After a young athlete’s death, friends and family support research about the rare cardiac condition that claimed his life
When Alok Malhotra thinks of his friend Jack Dowd, he remembers a grinning second-grader waving to him on the first day of school many years ago. The moment marked the start of a close friendship between the boys that endured even when they attended different high schools in their hometown of Holmdel, N.J. And it’s an image that flashed in Malhotra’s mind when he answered his phone on September 17, 2017, and learned from a mutual friend that Dowd had died.
“I’ll never forget every little detail of that night,” Malhotra says. Dowd, a standout varsity lacrosse player for Holmdel High School, collapsed during a scrimmage at Rutgers University and could not be revived. Doctors later discovered Dowd had Arrhythmogenic Right Ventricular Dysplasia/Cardiomyopathy (ARVD/C), a genetic heart condition that causes abnormal cardiac rhythms and progressive scarring of the heart muscle. Although rare — ARVD/C affects approximately 1 in 5,000 Americans — it’s a leading cause of cardiac death in athletes under age 35.
Shock gave way to sorrow, then resolve in Dowd’s community. With the support of Dowd’s family, Malhotra and two other friends, Jess D’Agostino and Arun Movva, planned and hosted Dash4Dowd, a 5K and fun-run in Jack’s honor in September 2018. The event drew about 600 participants and raised more than $30,000, which Malhotra and his friends donated to Johns Hopkins’ ARVD/C Program, part of the Heart and Vascular Institute.
“I read so much [about ARVD/C]” after Dowd’s death, Malhotra says. “I was looking for the best places for research programs, and Hopkins came up.”
The program — considered one of the most comprehensive in the world — marked its 20th anniversary in May 2019. Its clinicians and genetic counselors help families determine their predisposition for the disease and manage their lives successfully after a diagnosis.
Crucial to that effort, says program director Hugh Calkins, has been research. Among the more than 170 papers published by individuals associated with the Hopkins ARVD/C Program was a 2013 study that offered the first conclusive link between intense or endurance exercise and progression of the disease. The program has developed an online calculator into which physicians can plug in several variables — such as episodes of brief, abnormally fast heartbeats (non-sustained ventricular tachycardia) or extra heartbeats that begin in the lower ventricles of the heart (premature ventricular contractions) — to estimate an individual’s risk for sudden cardiac death. And the National Institutes of Health recently awarded the program a grant to continue honing a non-surgical method to disable the cardiac nervous system. It’s an intervention that can reduce the kind of exertion that puts ARVD/C patients like Dowd at risk for sudden cardiac death.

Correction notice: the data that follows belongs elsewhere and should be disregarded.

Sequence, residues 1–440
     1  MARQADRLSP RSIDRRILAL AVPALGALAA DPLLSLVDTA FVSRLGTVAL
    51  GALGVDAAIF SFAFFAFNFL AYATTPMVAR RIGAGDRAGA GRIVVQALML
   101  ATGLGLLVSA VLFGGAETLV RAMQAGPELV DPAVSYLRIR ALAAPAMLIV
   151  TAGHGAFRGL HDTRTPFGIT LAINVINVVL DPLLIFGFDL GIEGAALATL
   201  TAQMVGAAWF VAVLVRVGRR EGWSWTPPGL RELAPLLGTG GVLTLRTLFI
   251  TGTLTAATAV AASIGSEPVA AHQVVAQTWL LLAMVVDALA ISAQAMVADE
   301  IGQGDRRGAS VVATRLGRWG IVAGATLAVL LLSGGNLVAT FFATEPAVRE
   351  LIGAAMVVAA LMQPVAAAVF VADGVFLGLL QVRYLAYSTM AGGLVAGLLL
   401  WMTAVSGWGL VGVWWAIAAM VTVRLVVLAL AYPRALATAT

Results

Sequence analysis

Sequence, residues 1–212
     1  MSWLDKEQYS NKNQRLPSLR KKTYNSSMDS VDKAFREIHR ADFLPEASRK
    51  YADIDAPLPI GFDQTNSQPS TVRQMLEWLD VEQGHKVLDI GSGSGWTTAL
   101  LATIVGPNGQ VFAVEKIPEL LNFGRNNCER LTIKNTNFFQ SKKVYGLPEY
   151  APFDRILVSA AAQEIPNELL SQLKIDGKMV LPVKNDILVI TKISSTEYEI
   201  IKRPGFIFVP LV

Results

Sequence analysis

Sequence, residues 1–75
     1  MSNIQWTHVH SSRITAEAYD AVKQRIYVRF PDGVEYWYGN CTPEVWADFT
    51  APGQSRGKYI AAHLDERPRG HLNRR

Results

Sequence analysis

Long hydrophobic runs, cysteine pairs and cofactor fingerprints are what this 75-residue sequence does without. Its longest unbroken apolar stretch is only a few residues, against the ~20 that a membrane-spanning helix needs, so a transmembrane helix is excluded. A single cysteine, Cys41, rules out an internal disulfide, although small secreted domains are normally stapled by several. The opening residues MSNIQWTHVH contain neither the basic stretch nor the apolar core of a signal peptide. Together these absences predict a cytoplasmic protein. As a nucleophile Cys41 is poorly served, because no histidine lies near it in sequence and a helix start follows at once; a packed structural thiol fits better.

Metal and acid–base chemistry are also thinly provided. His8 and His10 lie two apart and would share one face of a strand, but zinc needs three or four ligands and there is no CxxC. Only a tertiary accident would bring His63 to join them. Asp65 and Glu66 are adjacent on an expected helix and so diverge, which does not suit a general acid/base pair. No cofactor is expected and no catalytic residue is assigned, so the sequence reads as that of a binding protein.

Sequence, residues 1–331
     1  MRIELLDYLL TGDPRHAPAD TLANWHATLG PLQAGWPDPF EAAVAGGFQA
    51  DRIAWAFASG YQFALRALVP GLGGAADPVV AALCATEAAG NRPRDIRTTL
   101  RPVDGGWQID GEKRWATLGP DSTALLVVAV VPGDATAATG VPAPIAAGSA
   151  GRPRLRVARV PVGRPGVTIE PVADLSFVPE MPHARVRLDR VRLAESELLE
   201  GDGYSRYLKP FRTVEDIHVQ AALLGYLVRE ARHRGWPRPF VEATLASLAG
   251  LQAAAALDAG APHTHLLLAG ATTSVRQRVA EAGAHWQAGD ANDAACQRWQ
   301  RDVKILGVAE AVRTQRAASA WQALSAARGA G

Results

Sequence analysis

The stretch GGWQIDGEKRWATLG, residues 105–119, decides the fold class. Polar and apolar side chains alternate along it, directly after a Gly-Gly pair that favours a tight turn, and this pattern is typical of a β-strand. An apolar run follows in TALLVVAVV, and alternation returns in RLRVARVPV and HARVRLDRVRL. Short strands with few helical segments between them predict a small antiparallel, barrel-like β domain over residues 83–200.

“We know that, among the autopsies we’ve seen in our program, more than half of the individuals who died suddenly had prior symptoms. If just one person hears about these symptoms at an event and thinks ‘Hey, I’ve had that,’ then gets evaluated, we can prevent a sudden death.”
Brittney MurrayGenetic counselor, Johns Hopkins Arrhythmogenic Right Ventricular Dysplasia/Cardiomyopathy Program
Diseases like ARVD/C, however, don’t typically attract those kinds of large grants.
“It’s not one of these big flashy diseases that gets a lot of national attention,” says Brittney Murray, a genetic counselor in the Hopkins ARVD/C Program. “We really rely on people who are personally motivated by this condition to help fund our work.”
In addition to the funds, Calkins and his colleagues value the awareness these kinds of events raise about ARVD/C in communities.
“We know that, among the autopsies we’ve seen in our program, more than half of the individuals who died suddenly had prior symptoms,” Murray says. Those warning signs include dizziness, rapid heart rate or palpitations, or passing out during exercise. “If just one person hears about these symptoms at an event and thinks ‘Hey, I’ve had that,’ then gets evaluated, we can prevent a sudden death.”
Malhotra isn’t sure whether Dash4Dowd will return in fall 2019, as he’ll be starting his first year at the University of Michigan in August. But he has all intentions to continue supporting efforts to advance knowledge of — and someday, a cure for — the disease in his friend’s honor.
“Anything I can do to help this cause means the world to me,” he says. “I think Jack would be proud of us for what we’re doing.”
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